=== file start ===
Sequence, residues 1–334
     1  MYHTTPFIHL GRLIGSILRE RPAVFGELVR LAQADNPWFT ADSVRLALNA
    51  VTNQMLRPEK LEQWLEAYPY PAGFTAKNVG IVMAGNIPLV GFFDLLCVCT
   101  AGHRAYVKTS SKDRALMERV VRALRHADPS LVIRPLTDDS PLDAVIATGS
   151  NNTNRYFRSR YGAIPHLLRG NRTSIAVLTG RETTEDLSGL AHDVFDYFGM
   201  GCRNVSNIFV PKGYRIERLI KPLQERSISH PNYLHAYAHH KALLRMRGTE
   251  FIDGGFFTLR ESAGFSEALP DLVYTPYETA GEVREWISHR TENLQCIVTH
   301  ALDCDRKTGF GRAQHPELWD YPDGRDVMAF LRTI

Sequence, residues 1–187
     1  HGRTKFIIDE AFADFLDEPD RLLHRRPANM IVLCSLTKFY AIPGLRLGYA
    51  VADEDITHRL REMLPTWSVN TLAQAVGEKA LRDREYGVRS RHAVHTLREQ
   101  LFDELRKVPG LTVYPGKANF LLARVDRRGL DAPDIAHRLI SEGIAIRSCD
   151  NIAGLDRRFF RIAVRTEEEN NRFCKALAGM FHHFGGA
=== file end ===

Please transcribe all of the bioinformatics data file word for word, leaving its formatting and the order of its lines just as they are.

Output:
Sequence, residues 1–334
     1  MYHTTPFIHL GRLIGSILRE RPAVFGELVR LAQADNPWFT ADSVRLALNA
    51  VTNQMLRPEK LEQWLEAYPY PAGFTAKNVG IVMAGNIPLV GFFDLLCVCT
   101  AGHRAYVKTS SKDRALMERV VRALRHADPS LVIRPLTDDS PLDAVIATGS
   151  NNTNRYFRSR YGAIPHLLRG NRTSIAVLTG RETTEDLSGL AHDVFDYFGM
   201  GCRNVSNIFV PKGYRIERLI KPLQERSISH PNYLHAYAHH KALLRMRGTE
   251  FIDGGFFTLR ESAGFSEALP DLVYTPYETA GEVREWISHR TENLQCIVTH
   301  ALDCDRKTGF GRAQHPELWD YPDGRDVMAF LRTI

Sequence, residues 1–187
     1  HGRTKFIIDE AFADFLDEPD RLLHRRPANM IVLCSLTKFY AIPGLRLGYA
    51  VADEDITHRL REMLPTWSVN TLAQAVGEKA LRDREYGVRS RHAVHTLREQ
   101  LFDELRKVPG LTVYPGKANF LLARVDRRGL DAPDIAHRLI SEGIAIRSCD
   151  NIAGLDRRFF RIAVRTEEEN NRFCKALAGM FHHFGGA